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Brandy is a strong alcoholic beverage distilled from the juice of fermented grapes or other fruit. The type distilled from grapes may simply be labeled "brandy." Other types must indicate the fruit that was used, such as cherry, plum, peach, and apricot.
All brandies are composed of ethyl alcohol, water, and volatile oils that provide flavor. The fermented juice, or wine, from which brandy is made is distilled either in batches in pot stills or continuously in modern, or patent, stills. The brandy is then placed in oak casks to age until it is bottled.
The most famous brandies come from the Cognac and Armagnac regions of France. Cognac brandy is distilled twice in pot stills. It is amber in color, mellow in texture, and has a grape aroma. Armagnac brandy is made in a single distillation process. It has a sharper, drier taste than Cognac.
The distinction of a fine brandy depends partly on the quality of the wine used and partly on the method of distillation, but principally on the type of wood in the barrel in which it is aged. Cognac matures most satisfactorily in casks of Limousin oak. Spirits do not go on maturing after they are bottled. "Napoleon" brandy, supposedly bottled in the Napoleonic era, has acquired legendary fame. Actually, if such an ancient brandy existed, its age in the bottle would add nothing to its quality.
Most spirits today are distilled in continuous stills, but true Cognac comes from the traditional pot-still type of distillation. A pot still consists of a pot for heating the wine, a head or alembic through which the vapor passes, and a condenser to cool and condense the steam. To attain utmost purity the distillate may complete this cycle two or three times, while preserving its full flavor. In the process, the first and last runs of the brandy are discarded, and only the middle, or "heart," is retained. The spirit yielded will be between 60% and 70% alcohol by volume. This traditional Cognac method is the prototype for all good brandy making.
Real Cognac comes only from the legally delimited Cognac district in western France, which is watered by the Charente River and served by the port of La Rochelle. The principal brandy companies have their headquarters in the towns of Cognac and Jarnac. In neighboring vineyards are grown the Folle Blanche and Semillon grapes that produce the hard, acid wines from which this brandy is made. Local farmers distill their own wines and sell the raw, colorless spirit to shippers who keep it in barrels in their warehouses during the long maturing period.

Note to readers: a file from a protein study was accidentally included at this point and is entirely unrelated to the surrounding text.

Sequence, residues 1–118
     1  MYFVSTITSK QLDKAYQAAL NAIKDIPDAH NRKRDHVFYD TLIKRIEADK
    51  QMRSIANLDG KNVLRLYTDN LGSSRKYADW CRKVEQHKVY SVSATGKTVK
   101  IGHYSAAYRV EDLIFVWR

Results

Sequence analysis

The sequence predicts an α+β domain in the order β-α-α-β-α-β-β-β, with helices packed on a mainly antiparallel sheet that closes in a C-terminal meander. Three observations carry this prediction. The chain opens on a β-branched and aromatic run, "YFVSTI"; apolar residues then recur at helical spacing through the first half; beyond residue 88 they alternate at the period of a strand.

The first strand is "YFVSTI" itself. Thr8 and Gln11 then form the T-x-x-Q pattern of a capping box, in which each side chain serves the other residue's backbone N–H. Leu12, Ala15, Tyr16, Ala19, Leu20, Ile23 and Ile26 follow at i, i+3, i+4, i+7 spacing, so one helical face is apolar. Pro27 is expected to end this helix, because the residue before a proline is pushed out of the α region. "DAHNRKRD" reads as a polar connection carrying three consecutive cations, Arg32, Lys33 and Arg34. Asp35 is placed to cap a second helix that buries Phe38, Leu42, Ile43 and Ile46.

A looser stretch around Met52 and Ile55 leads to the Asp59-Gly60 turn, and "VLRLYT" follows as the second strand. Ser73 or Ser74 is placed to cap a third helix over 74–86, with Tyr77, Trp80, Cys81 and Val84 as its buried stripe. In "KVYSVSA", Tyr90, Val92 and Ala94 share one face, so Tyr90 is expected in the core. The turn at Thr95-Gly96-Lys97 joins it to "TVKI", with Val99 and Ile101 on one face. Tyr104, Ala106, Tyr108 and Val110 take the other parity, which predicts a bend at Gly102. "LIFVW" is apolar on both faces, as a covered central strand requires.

Most Cognacs are blends of different vintage years and the age given on the bottle label is that of the oldest vintage, not the average age. A Cognac all of one vintage year occurs only rarely. After long aging, the tannin in the wood of the barrel will have imparted amber color as well as a distinctive flavor to the spirit. In cheaper brandies this color may be simulated by the addition of caramel, and the harsh flavor may be smothered with vanilla.
Armagnac is a heady brandy that at its best is preferred to Cognac by some connoisseurs. It comes from farther south in France, from Gas-cony, the home of Alexandre Dumas' fictitious hero d'Artagnan. The making of Armagnac, compared with the methods of the big firms in Cognac, is almost a cottage industry. The small Gascon firms share portable stills and age their distillates for a long time in barrels of Armagnac oak.
Each winegrowing country (Italy, Portugal, Spain, the United States, and many others) distills its own brandy. Well worth knowing are the apple brandies, French Calvados and American applejack, and the pungent marc of Burgundy, made from grape pomace, or residue of wine pressings. Italian grappa is a similar, if inferior, product. The pisco brandy of Peru is popular.